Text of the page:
Drudge posted the Sheehan item on August 8 at 10:11 am ET. Right-wing pundit Michelle Malkin posted the item on her weblog one hour later, at 11:22 am ET. At 12:40 pm ET, the Drudge story appeared on C-Log, the weblog of the conservative news and commentary website Townhall.com. At 2:33 pm ET, MooreWatch.com posted the story. At 3:23 pm ET, William Quick of DailyPundit.com posted the story. Fox News then picked up Drudge's distortion of Sheehan's quote. On the ”Political Grapevine“ segment of the August 8 edition of Special Report with Brit Hume, guest anchor and Fox News chief Washington correspondent Jim Angle highlighted Sheehan's supposed contradiction:
ANGLE: Cindy Sheehan, the mother of a soldier killed in Iraq last year, who's now camped outside President Bush's Crawford ranch demanding to see him, said yesterday on CNN that a private meeting with President Bush last year was offensive, insisting, quote, ”He acted like it was a party. He came in very jovial, like we should be happy with that. Our son died for the president's misguided policies.“
But just after that 2004 meeting, she gave a very different account, telling her local paper, the Vacaville Reporter, quote, ”I now know the president is sincere about wanting freedom for the Iraqis. I know he's sorry and feels some pain for our loss. And I know he's a man of faith.“ She added that President Bush, quote, ”gave us the gift of happiness of being together.“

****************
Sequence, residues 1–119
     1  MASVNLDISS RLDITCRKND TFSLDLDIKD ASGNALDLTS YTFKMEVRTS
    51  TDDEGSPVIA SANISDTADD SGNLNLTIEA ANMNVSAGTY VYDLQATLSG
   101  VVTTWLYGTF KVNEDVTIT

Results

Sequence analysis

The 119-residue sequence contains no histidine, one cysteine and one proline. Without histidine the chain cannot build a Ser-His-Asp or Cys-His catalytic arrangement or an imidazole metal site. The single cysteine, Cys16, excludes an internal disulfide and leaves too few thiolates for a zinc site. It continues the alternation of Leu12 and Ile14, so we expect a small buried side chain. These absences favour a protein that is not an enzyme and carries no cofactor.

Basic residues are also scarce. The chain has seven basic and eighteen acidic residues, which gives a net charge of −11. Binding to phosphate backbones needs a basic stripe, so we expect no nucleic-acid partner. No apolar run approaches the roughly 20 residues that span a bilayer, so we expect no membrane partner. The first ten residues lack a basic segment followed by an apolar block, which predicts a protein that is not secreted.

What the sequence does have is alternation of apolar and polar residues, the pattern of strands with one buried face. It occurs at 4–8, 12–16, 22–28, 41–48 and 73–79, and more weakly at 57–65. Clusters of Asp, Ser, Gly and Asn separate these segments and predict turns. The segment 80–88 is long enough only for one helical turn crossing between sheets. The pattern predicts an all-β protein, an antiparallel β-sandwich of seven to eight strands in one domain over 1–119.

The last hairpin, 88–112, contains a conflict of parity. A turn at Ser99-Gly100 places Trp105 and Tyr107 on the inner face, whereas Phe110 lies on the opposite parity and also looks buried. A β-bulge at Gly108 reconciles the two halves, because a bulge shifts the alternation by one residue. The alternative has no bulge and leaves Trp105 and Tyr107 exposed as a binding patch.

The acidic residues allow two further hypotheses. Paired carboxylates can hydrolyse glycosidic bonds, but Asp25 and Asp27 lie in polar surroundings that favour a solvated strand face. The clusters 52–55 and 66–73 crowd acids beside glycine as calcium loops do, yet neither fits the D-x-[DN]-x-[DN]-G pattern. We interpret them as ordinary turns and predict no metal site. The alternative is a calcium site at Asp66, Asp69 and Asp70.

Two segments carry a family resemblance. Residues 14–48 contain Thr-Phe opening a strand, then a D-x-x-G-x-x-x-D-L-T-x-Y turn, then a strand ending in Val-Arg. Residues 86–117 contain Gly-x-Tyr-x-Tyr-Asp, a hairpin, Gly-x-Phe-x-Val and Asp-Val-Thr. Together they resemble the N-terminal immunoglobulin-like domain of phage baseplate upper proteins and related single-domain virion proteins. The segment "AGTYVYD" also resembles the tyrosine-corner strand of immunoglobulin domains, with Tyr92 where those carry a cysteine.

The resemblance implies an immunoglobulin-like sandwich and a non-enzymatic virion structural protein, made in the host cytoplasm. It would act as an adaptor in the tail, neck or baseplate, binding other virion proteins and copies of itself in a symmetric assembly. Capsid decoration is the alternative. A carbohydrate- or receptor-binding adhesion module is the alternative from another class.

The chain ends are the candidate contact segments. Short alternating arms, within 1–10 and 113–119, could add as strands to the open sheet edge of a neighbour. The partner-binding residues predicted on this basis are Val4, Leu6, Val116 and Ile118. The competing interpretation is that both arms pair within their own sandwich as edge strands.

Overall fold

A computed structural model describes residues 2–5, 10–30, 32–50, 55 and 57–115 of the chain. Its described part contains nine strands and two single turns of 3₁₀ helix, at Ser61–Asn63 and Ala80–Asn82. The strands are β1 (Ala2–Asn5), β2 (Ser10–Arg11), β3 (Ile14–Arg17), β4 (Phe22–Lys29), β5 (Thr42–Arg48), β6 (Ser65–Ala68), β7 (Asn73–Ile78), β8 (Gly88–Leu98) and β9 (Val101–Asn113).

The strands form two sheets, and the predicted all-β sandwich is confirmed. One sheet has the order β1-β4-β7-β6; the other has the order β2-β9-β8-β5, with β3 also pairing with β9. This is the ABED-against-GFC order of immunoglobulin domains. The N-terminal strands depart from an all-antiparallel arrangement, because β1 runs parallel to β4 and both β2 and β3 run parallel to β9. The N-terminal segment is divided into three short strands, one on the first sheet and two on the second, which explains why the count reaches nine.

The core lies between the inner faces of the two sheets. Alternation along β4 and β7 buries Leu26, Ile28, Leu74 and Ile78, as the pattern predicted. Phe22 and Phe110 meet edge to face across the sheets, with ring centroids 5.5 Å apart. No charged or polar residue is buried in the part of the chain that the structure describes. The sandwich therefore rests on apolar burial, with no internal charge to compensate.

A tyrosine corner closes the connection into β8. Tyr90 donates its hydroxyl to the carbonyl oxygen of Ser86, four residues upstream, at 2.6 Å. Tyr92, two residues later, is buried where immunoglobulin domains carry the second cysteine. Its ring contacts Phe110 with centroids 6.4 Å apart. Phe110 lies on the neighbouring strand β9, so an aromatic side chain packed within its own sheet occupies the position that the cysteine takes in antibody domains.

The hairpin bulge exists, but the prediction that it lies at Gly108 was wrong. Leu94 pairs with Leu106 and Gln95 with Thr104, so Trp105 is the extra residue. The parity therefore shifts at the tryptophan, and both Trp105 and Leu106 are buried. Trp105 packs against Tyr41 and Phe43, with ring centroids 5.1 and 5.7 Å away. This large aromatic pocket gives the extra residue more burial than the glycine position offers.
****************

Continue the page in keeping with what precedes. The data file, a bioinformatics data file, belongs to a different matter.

By August 9, various journalists and progressive bloggers revealed Drudge's distortion. On Salon.com, journalist Eric Boehlert noted on August 9: ”Put in full context, Drudge's claim of a flip-flop is easily dismissed.“ RawStory.com, a progressive news website, noted that Drudge ”grossly took Sheehan out of context.“
Nevertheless, Drudge's distortion again popped up on Fox News — this time on the August 9 edition of The O'Reilly Factor. Host Bill O'Reilly made Sheehan's nonexistent contradictions the focus of his ”Talking Points Memo“ segment:
O'REILLY: The fascinating saga of Cindy Sheehan. That is the subject of this evening's ”Talking Points Memo.“ Mrs. Sheehan is protesting in Crawford, Texas, trying to convince Americans the Iraq war is wrong and the president should be impeached. She is doing so because her son Casey, an Army specialist, was killed last year in Iraq. No one has the right to intrude on Mrs. Sheehan's grief. That's number one. She's entitled to her opinion on a situation that has deeply affected her. And she's angry at the White House.